MARK TEXTOR: Starstruck politics fanboys need to reassess their definition of a political hero

President Ronald Reagan speaks alongside wife Nancy and Michael Jackson on May 4, 1984 at the White House. (Photo by Diana Walker/Liaison)

Here’s a trick question I’ve taken to ask some party insiders.

“Who is your political hero?”

Typically, a response on the conservative side would include, in the UK, Margaret Thatcher for her strength and consistent ideology. In Australia, John Howard will typically be nominated for his political perseverance and near-death experience with tax reform. In the US, folk will say Ronald Reagan for ability to, in his own words “(appeal) to (our) best hopes, not (our) worst fears. To (our) confidence rather than (our) doubts.”

John Key would be named in NZ for this “everyman” quality and his ability to take Kiwis with him on the road to reform – standing out as an economically conservative politician campaigning for centrist causes.

On the left you will get, in the UK, Tony Blair who radically reformed a Labour party that was unelectable for a generation and helping it appeal to a very broad base.

In Australia, Bob Hawke and Paul Keating are noted for transforming Australia into an open economy; in NZ, Helen Clark for her tactical cunning and pragmatism – knowing how to most efficiently deal with situations as they arose.

But all these responses focus on the most politically successful, and yes, long-lived political icons in the room.

Notwithstanding that there are other leaders who’ve been less politically successful in the eyes of the party faithful but have reformed their parties and its political direction, like John Smith of the British Labour Party or Harold Holt of the Liberal Party in Australia. Both of whom had careers cut short by untimely deaths.

Kevin Rudd: Getty Images

Then there are those architects of economic reforms who never saw the top job, like Peter Costello. Kevin Rudd now may be regarded as an unstable wrecker by much of the ALP today, but he was a hero just nine years ago when he led the party back from 11 years in opposition.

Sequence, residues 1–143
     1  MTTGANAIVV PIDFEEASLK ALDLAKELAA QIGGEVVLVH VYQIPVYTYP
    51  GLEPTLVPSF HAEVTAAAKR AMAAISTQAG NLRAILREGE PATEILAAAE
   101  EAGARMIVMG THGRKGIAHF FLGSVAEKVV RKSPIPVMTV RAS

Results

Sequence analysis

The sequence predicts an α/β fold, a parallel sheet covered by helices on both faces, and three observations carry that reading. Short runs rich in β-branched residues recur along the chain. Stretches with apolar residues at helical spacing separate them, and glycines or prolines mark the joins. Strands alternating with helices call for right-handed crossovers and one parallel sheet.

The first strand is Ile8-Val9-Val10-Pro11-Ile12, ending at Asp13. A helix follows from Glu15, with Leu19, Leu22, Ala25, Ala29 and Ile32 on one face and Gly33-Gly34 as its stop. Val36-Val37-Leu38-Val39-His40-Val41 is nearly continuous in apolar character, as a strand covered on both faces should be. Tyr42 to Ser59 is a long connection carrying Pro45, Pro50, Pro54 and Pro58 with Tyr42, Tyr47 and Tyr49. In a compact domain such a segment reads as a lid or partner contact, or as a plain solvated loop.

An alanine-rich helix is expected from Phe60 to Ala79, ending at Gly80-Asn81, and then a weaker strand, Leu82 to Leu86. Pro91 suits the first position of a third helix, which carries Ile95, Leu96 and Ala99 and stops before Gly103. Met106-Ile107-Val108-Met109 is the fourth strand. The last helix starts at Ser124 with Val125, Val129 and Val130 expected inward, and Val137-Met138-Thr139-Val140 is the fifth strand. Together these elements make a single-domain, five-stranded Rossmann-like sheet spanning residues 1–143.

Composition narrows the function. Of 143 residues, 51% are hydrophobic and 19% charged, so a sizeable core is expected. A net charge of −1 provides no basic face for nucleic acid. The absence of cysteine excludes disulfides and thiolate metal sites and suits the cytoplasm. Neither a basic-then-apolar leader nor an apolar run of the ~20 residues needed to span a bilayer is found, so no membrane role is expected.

Even Gough Whitlam, although safely sitting in the icon category as a reformer, was only in power for three very tumultuous years.

But as politics becomes a strange mix of West Wing entertainment and spectator sport there is too much focus on icons. So I tell folk the real heroes can be found elsewhere.

But to me a conservative hero is the man or woman, a Phil or Jenny. They’ve built a family, they work hard, build small businesses, pay their taxes, volunteer at the school canteen or little league and obey the law. If they are party members, they are the ones who are door knocking, copping abuse as they hand out how-to vote cards.

They are the ones who fight at the front in the wars instigated by political leaders, defend the strong immigration policies of the party, rightly argue for smaller, less intrusive government around the barbecue, and properly expect more value for their hard-earned taxpayer dollars, more return in terms of value for money, and rightly, those on welfare to recognise their contributions by doing everything possible to get off it.

A true hero of the left is surely not the senior unionist come political leader. It is the Linda or Glen; the nurse or health services worker who joined the union to stand up for better conditions in our hospitals, who stands out in the cold on a picket line for hours on end away from their loved ones, not just turn up for 5 minutes with a microphone for a media photo op.

They are the ones who negotiate at the workplace for practical safety improvements, not just tweet about it, and these real heroes grind away on the boring detail for a better pay deal, often whilst dealing with the fallout from the CEO who just gave himself a million dollar bonus. They are the ones volunteering for the party and the unions throughout the election campaign till polling day, a tool that has made left-wing political campaigning so effective in recent years.

Both conservative and left wing heroes also often work in traditionally working class turned aspirational jobs, like mining and trades.

Voters are increasingly wanting their contribution to our nation recognised, which can be witnessed in the way they play with opinion polls in the lead up to votes resulting in what are broadly labelled “shock results” like the Brexit win or Trump nomination.

But the consistent theme among these supposed “shock results” is that people are listening to politicians who treat their concerns and life goals as paramount; and are less concerned with grand political narrative or a political peer’s deification.

Like in sport, the star players are only there because of the support of millions of mums, dads and kids who travel for miles to watch the game, stop the family routine to watch their club on TV and generally support their clubs with the own sweat, passion and ticket money.

I say let’s do more to recognise the everyday “political heroes” for their contributions, not just the icons.

Mark Textor is co-founder of campaign strategy firm Crosby|Textor, which advises the Turnbull government. He also chairs the Amy Gillett foundation. You can follow him on Twitter.

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